From snuggling under handmade quilts to newly sewn dresses made by Ma, a needle and thread were often woven into the storyline throughout the “Little House” books written by Laura Ingalls Wilder. Here is how to Make Your Own Little House Inspired Pillows.
Make Your Own Little House Inspired Pillows
The pillows shown above were inspired by “Little House in the Big Woods” and are great projects for using up small scraps of fabric.
The Big Woods pillow is perfect for the beginning sewist.
I used the following fabrics from the Little House on the Prairie line from Andover Fabrics to create this pillow. A huge “Thank you!” to Andover for providing the fabric that made this post possible.
The front and background fabric used for the pillow and some of the tree appliques:
Fabric style A-7924-B and A-7923-G
Another set of trees ~ A-7951-G
Tree Trunks ~ A-7948-Y
The tree trunks are just rectangles and the trees are simple triangles. You can enlarge or reduce the following graphics to create sizes to suit.
All of the various pieces were laid out in a pleasing manner and then pinned in place. They were then attached to the background fabric using a zig-zag stitch. Other stitches, such as the straight or satin stitch, can also be used.
Both of the pillows were finished with a simple envelope closure on the back.
Just like the log cabin tablecloth the Big Woods pillow also features a special tag.
Log Cabin Pillow
For the log cabin pillow, I used the same fabrics as listed above for the trees. This project is good for the medium to advanced sewist.
The fabric used as follows from top to bottom:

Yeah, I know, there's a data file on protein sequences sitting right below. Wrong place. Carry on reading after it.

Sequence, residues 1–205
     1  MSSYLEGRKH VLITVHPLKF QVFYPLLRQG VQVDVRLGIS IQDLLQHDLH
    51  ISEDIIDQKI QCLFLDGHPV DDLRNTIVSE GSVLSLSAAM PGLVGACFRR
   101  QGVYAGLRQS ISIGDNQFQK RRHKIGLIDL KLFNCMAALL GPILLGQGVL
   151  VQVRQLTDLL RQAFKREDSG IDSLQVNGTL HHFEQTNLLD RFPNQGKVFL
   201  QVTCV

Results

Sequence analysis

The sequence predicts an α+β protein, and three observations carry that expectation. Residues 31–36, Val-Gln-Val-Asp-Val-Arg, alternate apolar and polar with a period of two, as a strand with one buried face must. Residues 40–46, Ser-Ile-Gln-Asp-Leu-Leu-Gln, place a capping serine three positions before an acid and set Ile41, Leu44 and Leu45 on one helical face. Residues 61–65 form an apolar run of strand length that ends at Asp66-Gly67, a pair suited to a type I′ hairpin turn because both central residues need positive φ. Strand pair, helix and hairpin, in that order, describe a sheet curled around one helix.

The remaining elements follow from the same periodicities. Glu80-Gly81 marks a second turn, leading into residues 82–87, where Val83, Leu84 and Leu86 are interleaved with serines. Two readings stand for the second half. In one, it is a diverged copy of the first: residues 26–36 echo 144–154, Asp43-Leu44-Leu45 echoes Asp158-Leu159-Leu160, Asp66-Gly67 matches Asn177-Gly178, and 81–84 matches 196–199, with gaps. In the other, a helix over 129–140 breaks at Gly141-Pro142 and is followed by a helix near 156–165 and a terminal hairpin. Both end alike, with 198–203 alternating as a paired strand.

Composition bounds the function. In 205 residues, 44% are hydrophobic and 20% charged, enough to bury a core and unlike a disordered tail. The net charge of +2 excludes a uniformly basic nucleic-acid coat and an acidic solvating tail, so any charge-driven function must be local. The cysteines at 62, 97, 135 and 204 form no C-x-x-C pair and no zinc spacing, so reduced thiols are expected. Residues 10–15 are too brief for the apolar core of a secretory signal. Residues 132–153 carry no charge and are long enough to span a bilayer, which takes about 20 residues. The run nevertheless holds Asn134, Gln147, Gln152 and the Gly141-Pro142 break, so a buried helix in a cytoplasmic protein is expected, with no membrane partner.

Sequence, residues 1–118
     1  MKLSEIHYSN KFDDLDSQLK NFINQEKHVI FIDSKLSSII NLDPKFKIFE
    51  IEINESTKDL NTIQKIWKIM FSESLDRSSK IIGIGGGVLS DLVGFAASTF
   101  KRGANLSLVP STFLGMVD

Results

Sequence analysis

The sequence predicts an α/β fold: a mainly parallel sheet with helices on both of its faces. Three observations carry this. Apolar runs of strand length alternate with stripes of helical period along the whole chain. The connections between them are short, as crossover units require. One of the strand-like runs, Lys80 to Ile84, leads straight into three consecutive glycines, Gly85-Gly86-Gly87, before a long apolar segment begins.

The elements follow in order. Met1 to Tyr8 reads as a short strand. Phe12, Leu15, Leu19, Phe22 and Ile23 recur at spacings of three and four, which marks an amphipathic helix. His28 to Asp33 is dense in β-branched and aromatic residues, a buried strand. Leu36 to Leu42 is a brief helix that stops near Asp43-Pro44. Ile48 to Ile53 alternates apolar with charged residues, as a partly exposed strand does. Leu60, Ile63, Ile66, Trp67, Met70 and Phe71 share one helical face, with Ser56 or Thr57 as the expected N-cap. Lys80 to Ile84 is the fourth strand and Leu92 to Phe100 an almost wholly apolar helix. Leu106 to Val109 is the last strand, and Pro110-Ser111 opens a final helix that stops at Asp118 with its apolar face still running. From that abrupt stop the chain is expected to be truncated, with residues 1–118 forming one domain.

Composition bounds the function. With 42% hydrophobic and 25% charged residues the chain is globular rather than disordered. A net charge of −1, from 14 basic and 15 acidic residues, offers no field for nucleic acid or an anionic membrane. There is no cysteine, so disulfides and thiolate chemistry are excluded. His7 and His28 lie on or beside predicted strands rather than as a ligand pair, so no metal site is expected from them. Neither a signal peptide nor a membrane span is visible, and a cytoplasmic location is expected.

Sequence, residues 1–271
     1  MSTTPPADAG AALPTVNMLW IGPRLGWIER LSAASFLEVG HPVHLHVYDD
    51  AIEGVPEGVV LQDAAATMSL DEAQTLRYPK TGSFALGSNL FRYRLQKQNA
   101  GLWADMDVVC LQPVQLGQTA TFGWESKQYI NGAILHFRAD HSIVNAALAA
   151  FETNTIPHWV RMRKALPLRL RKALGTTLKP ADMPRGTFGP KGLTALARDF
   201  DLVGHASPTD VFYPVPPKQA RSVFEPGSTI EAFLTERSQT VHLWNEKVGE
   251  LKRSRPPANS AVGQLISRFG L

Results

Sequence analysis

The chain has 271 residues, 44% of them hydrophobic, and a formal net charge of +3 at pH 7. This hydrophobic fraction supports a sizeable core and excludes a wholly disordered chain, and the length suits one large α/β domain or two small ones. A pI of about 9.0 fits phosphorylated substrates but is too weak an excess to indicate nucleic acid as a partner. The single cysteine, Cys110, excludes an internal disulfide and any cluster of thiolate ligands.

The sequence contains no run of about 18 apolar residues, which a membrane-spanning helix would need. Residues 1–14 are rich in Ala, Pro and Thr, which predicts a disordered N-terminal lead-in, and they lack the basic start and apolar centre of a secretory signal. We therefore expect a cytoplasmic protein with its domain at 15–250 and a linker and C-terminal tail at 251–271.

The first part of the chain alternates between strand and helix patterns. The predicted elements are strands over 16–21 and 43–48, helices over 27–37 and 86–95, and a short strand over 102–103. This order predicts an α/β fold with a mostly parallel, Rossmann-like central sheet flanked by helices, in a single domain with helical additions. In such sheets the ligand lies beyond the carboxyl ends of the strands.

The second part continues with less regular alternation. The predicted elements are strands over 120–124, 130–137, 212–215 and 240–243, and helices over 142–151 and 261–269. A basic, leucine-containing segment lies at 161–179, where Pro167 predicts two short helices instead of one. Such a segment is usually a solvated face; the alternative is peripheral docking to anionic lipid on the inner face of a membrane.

Background fabric ~ A-7923-L
Back of the pillow and log cabin ~ A-7948-R
Log cabin ~ A-7925-R
Roof of log cabin ~A-7951-B
Door and tree trunks ~ A-7948-Y
Sidewalk fabric ~ A-7982-B
Log Cabin Pattern
I used this image for the basic shape of the cabin and its roofline.
The base of the cabin was simply 2 1/2” wide strips sewn together with a 4” wide strip of the red floral fabric on top. (The length of the strips were 8” before cutting the shape.)
The shape was cut out after the strips had been sewn together. (You can adjust the sizing if you want a bigger or smaller sized cabin.)
The door and tree trunks were basic rectangles and the sidewalk was cut out in a free hand fashion.
The fabric strips of the roof were first sewn together at an angle in the center so that they would lie nicely flat.
Once all the pieces were cut out and the roof was sewn they were then laid out, pinned in place and sewn on using a zig-zag stitch. But again, you can use other stitches if preferred.
I hope you have enjoyed this post. Tomorrow’s post will feature how to make a disappearing nine patch napkin.
“The true way to live is to enjoy every moment as it passes, and surely it is in the everyday things around us that the beauty of life lies.” ~Laura Ingalls Wilder
Please enjoy all of the other posts in the “Little House” series.